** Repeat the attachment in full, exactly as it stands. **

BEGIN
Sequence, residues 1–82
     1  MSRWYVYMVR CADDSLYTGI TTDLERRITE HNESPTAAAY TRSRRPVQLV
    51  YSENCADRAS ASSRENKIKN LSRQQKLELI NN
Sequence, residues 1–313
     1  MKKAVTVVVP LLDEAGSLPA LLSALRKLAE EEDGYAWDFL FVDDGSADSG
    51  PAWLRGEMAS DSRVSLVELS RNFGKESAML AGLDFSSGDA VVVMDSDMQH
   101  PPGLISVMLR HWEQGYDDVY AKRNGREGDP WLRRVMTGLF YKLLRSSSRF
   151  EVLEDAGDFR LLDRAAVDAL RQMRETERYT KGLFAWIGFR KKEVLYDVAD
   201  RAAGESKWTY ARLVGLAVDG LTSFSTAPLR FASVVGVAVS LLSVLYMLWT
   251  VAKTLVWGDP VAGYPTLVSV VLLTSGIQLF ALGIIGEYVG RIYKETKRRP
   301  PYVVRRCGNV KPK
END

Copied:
Sequence, residues 1–82
     1  MSRWYVYMVR CADDSLYTGI TTDLERRITE HNESPTAAAY TRSRRPVQLV
    51  YSENCADRAS ASSRENKIKN LSRQQKLELI NN
Sequence, residues 1–313
     1  MKKAVTVVVP LLDEAGSLPA LLSALRKLAE EEDGYAWDFL FVDDGSADSG
    51  PAWLRGEMAS DSRVSLVELS RNFGKESAML AGLDFSSGDA VVVMDSDMQH
   101  PPGLISVMLR HWEQGYDDVY AKRNGREGDP WLRRVMTGLF YKLLRSSSRF
   151  EVLEDAGDFR LLDRAAVDAL RQMRETERYT KGLFAWIGFR KKEVLYDVAD
   201  RAAGESKWTY ARLVGLAVDG LTSFSTAPLR FASVVGVAVS LLSVLYMLWT
   251  VAKTLVWGDP VAGYPTLVSV VLLTSGIQLF ALGIIGEYVG RIYKETKRRP
   301  PYVVRRCGNV KPK